The haves and have nots following Legal Aid cuts
This week a survey conducted by the Independent newspaper and the Bureau of Investigative Journalism has confirmed that our family courts have become a two-tier system – for those who can afford legal advice and those who cannot.
Figures reveal that nearly half of all parents fighting to gain access to their children are doing so without legal advice, which only emphasises the unfairness of the current system – particularly if one parent is represented by a solicitor and the other is not.
Divorce is stressful enough without the added trauma of not having the professional support to guide you through the process
The survey, conducted in partnership with the Magistrates’ Association, surveyed 461 magistrates sitting in a variety of courts across the UK and revealed that justice really is limited to those who can afford it.
These results do not surprise me. Readers of our blog will be aware that we raised concerns about the cuts to legal aid back in 2013 when Lord Neuberger warned that that there would be serious repercussions as a result.
My fear has always been the impact these cuts would have on families and children – and unfortunately, it would seem I am now proved right.
And it is not just the children who are disadvantaged: it is also the court system itself which is failing. Cases which should only take an hour are now taking a whole day because parents representing themselves often do not understand the process, or are too stressed to present their case effectively.
There is also a risk that courts may make the wrong decision in cases where litigants in person don’t know what information to bring before the court.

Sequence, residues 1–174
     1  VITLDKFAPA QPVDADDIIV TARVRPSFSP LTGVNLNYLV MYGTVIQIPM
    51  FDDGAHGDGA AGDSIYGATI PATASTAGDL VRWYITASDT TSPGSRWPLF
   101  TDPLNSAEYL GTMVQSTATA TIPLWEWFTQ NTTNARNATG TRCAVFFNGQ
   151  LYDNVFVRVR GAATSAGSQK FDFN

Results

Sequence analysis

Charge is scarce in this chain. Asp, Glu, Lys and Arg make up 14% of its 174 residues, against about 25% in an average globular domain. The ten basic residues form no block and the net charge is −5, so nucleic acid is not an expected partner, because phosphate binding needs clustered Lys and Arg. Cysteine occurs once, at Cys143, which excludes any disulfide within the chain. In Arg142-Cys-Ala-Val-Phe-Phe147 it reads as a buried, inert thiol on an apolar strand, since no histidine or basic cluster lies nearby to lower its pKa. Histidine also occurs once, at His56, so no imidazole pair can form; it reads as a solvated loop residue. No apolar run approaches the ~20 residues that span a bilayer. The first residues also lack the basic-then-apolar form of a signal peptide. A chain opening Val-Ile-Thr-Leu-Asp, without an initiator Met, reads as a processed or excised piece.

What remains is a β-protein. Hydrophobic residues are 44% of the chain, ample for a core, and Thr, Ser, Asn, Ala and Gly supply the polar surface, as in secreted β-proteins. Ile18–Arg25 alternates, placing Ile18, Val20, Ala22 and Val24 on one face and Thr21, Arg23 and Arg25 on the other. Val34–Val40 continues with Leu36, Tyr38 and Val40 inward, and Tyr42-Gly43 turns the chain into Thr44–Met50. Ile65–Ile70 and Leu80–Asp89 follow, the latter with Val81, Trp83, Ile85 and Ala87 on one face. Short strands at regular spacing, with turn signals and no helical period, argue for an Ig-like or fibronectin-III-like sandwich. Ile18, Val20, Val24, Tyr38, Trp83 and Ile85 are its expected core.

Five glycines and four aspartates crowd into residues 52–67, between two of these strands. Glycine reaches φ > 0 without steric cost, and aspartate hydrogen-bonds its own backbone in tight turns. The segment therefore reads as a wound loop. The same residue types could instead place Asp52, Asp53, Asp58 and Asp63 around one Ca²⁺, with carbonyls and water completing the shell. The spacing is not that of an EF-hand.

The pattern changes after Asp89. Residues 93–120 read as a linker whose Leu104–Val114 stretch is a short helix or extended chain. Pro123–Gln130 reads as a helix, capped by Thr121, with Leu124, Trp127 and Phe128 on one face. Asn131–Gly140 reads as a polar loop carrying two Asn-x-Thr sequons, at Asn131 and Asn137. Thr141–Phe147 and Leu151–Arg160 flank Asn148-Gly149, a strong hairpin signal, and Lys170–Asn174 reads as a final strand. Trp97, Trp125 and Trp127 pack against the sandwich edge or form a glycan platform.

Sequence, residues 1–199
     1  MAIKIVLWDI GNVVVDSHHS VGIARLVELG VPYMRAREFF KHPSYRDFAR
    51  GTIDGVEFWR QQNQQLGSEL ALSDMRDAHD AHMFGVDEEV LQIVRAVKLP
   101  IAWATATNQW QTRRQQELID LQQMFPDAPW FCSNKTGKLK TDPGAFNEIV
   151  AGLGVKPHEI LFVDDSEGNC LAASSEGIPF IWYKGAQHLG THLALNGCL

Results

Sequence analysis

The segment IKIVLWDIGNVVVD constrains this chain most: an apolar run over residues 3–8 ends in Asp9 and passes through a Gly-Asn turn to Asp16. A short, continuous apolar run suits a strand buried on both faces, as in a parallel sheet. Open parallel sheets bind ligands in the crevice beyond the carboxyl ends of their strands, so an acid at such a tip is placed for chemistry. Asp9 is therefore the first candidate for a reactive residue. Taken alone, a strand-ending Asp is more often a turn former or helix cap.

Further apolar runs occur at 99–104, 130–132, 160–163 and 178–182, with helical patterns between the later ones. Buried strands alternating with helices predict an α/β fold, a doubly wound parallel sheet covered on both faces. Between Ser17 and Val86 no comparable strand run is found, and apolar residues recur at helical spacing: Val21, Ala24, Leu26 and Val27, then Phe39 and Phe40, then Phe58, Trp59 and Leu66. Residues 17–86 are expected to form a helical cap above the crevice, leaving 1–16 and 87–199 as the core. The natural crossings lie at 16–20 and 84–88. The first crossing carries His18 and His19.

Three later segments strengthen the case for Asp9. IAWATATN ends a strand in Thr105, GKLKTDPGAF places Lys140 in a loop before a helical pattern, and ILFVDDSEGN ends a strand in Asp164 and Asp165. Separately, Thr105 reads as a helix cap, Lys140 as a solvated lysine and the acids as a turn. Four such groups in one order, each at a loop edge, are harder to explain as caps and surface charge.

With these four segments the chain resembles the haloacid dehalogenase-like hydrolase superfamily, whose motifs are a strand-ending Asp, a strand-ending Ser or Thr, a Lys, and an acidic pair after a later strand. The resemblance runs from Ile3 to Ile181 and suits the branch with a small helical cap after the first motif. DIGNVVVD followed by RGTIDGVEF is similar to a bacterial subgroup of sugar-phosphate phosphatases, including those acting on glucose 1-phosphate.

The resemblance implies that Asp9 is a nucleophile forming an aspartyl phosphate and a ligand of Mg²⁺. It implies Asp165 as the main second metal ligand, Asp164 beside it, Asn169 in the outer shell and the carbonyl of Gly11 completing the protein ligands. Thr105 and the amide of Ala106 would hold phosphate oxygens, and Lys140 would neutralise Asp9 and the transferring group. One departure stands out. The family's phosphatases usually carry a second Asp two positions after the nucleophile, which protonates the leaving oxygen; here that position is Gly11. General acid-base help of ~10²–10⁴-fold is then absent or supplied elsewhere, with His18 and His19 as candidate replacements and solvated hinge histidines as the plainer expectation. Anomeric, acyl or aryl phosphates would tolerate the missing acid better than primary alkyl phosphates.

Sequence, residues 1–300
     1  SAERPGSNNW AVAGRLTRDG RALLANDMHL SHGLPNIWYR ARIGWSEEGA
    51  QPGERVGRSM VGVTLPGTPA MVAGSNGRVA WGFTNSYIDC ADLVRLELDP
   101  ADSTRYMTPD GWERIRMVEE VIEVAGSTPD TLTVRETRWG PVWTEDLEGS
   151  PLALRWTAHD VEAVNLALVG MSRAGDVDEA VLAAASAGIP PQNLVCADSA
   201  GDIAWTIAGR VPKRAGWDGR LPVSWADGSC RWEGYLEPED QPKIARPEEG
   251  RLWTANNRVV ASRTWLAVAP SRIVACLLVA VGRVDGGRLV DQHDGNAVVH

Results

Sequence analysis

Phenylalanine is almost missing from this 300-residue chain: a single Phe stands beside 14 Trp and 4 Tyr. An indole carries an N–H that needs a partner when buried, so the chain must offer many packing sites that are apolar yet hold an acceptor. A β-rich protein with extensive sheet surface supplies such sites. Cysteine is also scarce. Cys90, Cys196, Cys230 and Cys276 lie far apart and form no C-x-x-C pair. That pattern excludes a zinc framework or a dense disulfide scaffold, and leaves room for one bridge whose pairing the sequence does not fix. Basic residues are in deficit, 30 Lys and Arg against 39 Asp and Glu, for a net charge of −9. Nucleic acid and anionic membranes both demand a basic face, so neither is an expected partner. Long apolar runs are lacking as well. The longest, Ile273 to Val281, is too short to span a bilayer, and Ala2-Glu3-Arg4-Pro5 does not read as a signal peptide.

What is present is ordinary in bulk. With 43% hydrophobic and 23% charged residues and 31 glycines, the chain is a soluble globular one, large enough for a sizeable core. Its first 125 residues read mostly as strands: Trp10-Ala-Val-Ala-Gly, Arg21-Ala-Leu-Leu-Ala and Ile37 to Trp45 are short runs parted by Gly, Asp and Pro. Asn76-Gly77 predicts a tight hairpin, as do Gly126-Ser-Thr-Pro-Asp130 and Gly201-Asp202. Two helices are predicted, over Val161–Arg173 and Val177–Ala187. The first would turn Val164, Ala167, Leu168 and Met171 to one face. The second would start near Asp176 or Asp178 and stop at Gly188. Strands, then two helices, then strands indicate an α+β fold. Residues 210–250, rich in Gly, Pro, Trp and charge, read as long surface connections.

So what is the solution? Some would say the court issues could be solved by increasing the number of judges and staff but this is unlikely to happen. Realistically, the problems flow not because of a lack of staff, but because there are many people representing themselves in contested and bitter fights in court.
Although the Government believes that mediation is panacea of all ills, it really only applies to couples who have both signed up willingly to the scheme and want to help themselves. Even this fails more often than not because both sides are so entrenched in their own opinions that it usually takes a court to resolve the issue or impose solutions.
The issue is much more complex and needs to be revisited. By removing legal aid, the problems that have been under the surface are now being exposed which is why it is important to take action sooner rather than later.
Incredulously the Ministry of Justice states that legal aid remains available, yet the department’s own statistics reveal that between 1 April 2013 and 31 March 2014, less than 1 per cent of the 828 family law applications for legal aid were successful. Further proof perhaps that government is out of touch, or worse, doesn’t care?
Should the government re-examine the issue of family law and legal aid? What is the impact for the future? Please share your views by leaving a comment below, drop us an e-mail or tweet us @helpwithdivorce